Beyoncé (another Beyoncé) has decided to drum up some new customers for her Lemonade stand. So, she sends out a great offer for her fans to get two glasses for the price of one! However, being the savvy business woman that she is, Beyoncé knows that the real profit for her is in repeat customers, not one timers. So, she sends out a ton of coupons for just three months, let's everyone know about it on Facebook, and sits back making plans to spend the incoming profits on another great cause!
But, 6 months later, customers are still showing up with a version of the coupon. Some of them were from her original printing, but others seem to be printed off the Web. She checks her Facebook page and sees that she had deleted the posting three months earlier. Confused, Beyoncé sighs and digs into her couch for spare change to give the promised $1 million to charity.
TL;DR (too long;didn't read)
Coupons, like teenagers, find their own way. You can be sure that if you place an ad on the web, it will be archived, filed, copied, printed, and generally available for years to come. Moreover, your printed coupons sometimes just take a while to circulate. Solution: Add an expiration date to your coupons and don't accept ones without them to make sure you control when your promotions run.
Google Caching Explained
"While [cache] can't buy happiness, it certainly lets you choose your own form of misery.”
-- Groucho Marx
Google's cache (pronounced cash) is a great benefit for web users. Websites come and go, and Google, and other search engines) are there patiently writing it all down and making a log of who said what. When Porsha Williams got into a brawl with Kenya Moore (from Season 6 of the Real Housewives of Atlanta if you aren't up to date) the videos, images and tweets covered at least some of the internet like a de classe* sludge (just a reminder for those of us who didn't take French: it was a cheap, unmannered and generally reprehensible sludge :) Even today, you can find out all the information you want about the incident through copies of the videos and images. One of my favorites is the Mix version on YouTube.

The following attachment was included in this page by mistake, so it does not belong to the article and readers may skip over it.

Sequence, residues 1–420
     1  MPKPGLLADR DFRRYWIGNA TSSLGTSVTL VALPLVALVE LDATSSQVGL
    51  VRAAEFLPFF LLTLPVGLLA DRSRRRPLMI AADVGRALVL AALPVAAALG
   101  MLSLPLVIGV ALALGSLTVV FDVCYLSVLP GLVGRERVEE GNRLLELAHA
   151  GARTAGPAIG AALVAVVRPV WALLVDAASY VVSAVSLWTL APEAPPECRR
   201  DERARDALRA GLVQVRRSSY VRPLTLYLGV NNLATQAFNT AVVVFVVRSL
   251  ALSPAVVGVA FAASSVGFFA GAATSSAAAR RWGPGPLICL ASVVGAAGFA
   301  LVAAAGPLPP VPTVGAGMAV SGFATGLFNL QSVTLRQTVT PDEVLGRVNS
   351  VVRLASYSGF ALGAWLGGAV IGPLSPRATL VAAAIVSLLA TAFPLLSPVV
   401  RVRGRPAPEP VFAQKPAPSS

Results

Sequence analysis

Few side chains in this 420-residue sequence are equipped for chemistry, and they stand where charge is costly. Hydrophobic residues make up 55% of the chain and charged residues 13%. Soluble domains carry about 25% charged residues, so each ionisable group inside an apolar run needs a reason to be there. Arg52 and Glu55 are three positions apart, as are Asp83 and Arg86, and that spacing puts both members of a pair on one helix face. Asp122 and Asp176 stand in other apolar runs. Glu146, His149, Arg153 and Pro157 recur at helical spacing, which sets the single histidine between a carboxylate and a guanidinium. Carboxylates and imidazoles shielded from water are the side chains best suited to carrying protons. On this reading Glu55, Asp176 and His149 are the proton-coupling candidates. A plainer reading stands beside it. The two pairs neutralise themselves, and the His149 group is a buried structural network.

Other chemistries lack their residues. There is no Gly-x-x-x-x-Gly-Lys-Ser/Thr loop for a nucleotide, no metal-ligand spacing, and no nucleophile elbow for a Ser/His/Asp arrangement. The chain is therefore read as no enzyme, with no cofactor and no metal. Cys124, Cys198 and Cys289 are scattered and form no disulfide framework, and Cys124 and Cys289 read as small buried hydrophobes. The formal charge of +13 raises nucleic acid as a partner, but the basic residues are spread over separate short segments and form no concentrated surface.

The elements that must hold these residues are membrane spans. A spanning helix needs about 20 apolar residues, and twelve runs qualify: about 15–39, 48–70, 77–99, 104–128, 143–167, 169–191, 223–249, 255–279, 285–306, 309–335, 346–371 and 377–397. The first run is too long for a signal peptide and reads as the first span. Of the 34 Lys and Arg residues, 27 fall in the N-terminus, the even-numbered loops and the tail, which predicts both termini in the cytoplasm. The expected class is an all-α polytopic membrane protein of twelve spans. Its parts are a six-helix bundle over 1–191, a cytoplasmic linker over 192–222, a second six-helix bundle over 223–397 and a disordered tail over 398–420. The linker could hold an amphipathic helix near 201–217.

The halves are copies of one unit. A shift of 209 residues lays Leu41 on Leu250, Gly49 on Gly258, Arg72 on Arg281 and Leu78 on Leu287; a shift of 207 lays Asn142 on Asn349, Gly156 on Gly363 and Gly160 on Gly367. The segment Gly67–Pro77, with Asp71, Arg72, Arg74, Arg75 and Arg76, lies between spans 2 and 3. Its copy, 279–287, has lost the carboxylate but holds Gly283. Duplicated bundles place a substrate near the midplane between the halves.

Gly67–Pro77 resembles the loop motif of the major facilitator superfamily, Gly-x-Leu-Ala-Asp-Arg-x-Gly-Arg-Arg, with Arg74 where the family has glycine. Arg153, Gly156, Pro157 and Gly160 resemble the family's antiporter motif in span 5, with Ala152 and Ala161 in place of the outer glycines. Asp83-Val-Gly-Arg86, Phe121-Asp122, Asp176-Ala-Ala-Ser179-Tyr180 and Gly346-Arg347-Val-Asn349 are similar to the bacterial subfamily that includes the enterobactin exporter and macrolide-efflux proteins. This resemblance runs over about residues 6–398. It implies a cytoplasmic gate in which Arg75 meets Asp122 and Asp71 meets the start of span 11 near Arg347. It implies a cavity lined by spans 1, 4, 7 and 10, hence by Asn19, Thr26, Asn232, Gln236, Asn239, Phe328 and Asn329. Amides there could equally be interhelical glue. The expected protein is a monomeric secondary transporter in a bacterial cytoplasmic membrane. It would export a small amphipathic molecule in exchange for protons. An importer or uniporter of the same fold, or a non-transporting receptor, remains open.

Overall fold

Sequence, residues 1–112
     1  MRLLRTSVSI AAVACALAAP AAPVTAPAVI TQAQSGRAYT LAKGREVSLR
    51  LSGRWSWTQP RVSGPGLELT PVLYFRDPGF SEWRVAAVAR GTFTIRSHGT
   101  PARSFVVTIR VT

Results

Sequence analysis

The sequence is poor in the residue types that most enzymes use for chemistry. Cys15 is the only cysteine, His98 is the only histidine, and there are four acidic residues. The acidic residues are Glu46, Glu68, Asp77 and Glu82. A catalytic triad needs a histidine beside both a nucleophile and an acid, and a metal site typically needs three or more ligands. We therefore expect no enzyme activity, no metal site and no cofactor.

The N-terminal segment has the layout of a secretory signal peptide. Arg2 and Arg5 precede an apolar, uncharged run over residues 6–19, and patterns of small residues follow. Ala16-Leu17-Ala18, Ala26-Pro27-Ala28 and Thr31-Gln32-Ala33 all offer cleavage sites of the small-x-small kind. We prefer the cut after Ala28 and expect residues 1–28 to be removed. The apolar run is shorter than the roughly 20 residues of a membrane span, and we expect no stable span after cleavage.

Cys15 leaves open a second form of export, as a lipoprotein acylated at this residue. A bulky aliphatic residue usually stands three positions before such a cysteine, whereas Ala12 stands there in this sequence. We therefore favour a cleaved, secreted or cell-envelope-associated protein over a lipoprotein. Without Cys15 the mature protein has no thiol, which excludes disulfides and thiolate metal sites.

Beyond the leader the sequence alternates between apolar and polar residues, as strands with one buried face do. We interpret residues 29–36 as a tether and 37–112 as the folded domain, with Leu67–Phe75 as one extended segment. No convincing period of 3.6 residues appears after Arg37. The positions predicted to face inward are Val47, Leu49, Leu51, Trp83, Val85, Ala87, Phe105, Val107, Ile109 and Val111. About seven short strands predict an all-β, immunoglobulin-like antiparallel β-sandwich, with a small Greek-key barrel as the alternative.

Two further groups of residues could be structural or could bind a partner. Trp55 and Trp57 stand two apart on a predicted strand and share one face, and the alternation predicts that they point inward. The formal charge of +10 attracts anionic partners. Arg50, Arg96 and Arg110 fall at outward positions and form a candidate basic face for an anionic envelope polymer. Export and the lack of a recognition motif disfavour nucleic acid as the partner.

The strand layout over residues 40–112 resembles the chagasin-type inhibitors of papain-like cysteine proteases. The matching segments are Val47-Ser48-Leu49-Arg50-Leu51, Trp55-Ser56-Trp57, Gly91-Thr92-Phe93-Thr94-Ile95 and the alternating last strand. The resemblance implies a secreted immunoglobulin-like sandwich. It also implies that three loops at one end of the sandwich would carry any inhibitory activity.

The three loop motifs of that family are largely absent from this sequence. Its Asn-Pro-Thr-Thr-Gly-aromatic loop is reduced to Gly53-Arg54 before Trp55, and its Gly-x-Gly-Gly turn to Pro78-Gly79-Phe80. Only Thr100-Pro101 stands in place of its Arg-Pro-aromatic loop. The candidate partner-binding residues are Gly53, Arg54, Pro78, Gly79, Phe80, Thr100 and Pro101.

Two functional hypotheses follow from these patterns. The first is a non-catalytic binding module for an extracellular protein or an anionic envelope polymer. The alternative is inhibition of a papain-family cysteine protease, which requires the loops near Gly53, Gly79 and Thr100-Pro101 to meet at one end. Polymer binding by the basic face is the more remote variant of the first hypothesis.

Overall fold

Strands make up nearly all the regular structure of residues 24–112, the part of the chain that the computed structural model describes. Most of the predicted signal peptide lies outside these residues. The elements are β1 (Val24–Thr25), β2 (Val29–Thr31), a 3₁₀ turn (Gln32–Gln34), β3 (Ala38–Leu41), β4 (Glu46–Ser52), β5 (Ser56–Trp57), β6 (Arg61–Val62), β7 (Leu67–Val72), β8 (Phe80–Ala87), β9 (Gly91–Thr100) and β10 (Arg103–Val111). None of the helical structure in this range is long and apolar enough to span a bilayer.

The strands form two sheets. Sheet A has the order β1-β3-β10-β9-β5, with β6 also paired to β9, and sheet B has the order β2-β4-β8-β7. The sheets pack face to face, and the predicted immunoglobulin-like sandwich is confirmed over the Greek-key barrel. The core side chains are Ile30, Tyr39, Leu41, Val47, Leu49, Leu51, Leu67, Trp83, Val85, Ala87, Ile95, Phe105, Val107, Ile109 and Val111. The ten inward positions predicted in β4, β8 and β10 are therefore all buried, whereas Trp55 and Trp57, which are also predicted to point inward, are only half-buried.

So, what's the problem? Well, that means anything posted lasts forever. Your pictures of your intoxicated uncle, the video of that really bad hair day, and your coupons. Google is not interested in providing you on the Official Latest and Greatest version of something as dictated by a business. Instead, it provides a platform to allow users to tell you what was as well as what is. So when you publish a coupon on the internet you have to plan for it to be there long after the sale is over.
That is where coupon expiration dates come in. By adding an expiration date, you protect the prodigal coupon coming home and disrupting your day. Special trivia note: while we don't exactly know the original meaning of "prodigal", we are fairly certain it has to do with being wasteful, especially with respect to money. A more apt analogy for our wayward coupon, I can't conceive!
IndoorMedia has the Coupon App, which provides coupons to over 30,000 visitors every month. When we post your coupon, we set a specific date that will pull your coupon from the app when you want. But lo and behold, a week or a month later or even after that, someone will stroll into your business with a print out from the web of that very same coupon. That is why we add an expiration date to the coupon graphic itself.
As said before, anything posted lasts forever. There's no way to thwart Google's cache (it's there for good reason) but just this one simple step of adding an expiration date gives your coupons a definitive lifespan.